Dissociative identity disorder (DID), formerly called multiple personality disorder, is one of a group of conditions called dissociative disorders. Dissociative disorders are mental illnesses that involve disruptions or breakdowns of memory, awareness, identity and/or perception.
When one or more of these functions is disrupted, symptoms can result. These symptoms can interfere with a person’s general functioning, including social activities, work functions, and relationships.
People with DID often have issues with their identities and senses of personal history.
Dissociation is a key feature of dissociative disorders. Dissociation is a coping mechanism that a person uses to disconnect from a stressful or traumatic situation or to separate traumatic memories from normal awareness.
It is a way for a person to break the connection between the self and the outside world, as well as to distance oneself from the awareness of what is occurring.
Dissociation can serve as a defense mechanism against the physical and emotional pain of a traumatic or stressful experience.
By dissociating painful memories from everyday thought processes, a person can use dissociation to maintain a relatively healthy level of functioning, as though the trauma had not occurred.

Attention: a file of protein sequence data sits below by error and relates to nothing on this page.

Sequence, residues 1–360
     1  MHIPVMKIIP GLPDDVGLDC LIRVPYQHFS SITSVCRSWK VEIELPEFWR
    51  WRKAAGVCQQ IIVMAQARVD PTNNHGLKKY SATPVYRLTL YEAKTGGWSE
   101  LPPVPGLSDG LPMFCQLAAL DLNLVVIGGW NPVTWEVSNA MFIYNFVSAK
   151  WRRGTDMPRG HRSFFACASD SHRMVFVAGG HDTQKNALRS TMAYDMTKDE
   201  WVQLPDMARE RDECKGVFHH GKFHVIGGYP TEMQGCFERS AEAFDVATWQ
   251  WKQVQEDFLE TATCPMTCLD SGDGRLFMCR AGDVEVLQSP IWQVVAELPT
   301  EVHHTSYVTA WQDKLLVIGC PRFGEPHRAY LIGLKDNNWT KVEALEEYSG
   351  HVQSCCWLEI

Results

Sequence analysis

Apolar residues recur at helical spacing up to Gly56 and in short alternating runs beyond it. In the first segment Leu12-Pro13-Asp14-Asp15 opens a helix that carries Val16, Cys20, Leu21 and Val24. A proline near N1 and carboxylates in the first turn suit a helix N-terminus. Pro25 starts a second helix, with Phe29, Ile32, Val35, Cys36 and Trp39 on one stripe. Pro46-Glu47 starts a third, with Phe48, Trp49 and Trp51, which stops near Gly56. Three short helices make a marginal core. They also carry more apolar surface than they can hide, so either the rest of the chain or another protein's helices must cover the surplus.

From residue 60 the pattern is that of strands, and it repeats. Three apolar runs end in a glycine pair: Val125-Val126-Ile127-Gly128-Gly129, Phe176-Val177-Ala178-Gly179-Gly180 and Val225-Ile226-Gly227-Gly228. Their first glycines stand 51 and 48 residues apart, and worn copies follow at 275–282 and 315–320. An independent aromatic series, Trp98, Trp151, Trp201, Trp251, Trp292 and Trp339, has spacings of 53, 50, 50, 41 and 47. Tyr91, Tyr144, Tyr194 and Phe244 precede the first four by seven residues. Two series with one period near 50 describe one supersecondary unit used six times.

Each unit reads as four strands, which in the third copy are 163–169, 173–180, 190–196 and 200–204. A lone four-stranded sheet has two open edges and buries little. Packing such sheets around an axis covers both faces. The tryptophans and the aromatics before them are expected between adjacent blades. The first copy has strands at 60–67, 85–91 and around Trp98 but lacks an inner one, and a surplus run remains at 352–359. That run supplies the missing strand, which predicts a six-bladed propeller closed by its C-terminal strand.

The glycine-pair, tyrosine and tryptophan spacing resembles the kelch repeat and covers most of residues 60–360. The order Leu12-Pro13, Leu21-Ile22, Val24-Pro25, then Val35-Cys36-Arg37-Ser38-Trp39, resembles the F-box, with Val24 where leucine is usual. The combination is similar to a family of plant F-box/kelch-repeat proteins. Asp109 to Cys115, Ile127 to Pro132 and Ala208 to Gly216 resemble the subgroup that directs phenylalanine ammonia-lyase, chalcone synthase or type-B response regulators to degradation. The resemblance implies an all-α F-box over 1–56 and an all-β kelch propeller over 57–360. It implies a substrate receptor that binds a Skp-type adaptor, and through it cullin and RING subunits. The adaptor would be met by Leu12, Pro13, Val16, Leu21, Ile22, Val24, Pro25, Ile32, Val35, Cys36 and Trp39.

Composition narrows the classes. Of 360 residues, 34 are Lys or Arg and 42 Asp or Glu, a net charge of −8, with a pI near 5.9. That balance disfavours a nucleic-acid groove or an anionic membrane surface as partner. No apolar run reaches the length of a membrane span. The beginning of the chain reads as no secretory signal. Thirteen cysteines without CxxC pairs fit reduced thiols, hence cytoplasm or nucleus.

Dissociation can be described as a temporary mental escape (similar to self-hypnosis) from the fear and pain of the trauma.
Even after the trauma is long past, however, the leftover pattern of dissociation to escape stressful situations continues.
When dissociation is done repeatedly—as in the case of prolonged abuse—these dissociated mental states can take on separate identities of their own.
A person with DID, the most severe type of dissociative disorder, has two or more different personality states—sometimes referred to as “alters” (short for alternate personality states)—each of whom takes control over the person’s behavior at some time.
Each alter might have distinct traits, personal history, and way of thinking about and relating to his or her surroundings.
An alter might even be of a different gender, have his or her own name, and have distinct mannerisms or preferences.
The person with DID may or may not be aware of the other personality states and might not have memories of the times when another alter is dominant.
Stress or a reminder of the trauma can act as a trigger to bring about a “switch” of alters. This can create a chaotic life and cause problems in work and social situations.
What causes DID?
It is generally accepted that DID results from extreme and repeated trauma that occurs during important periods of development during childhood.
The trauma often involves severe emotional, physical or sexual abuse, but also might be linked to a natural disaster or war.
An important early loss, such as the loss of a parent, also might be a factor in the development of DID. In order to survive extreme stress, the person separates the thoughts, feelings and memories associated with traumatic experiences from their usual level of conscious awareness.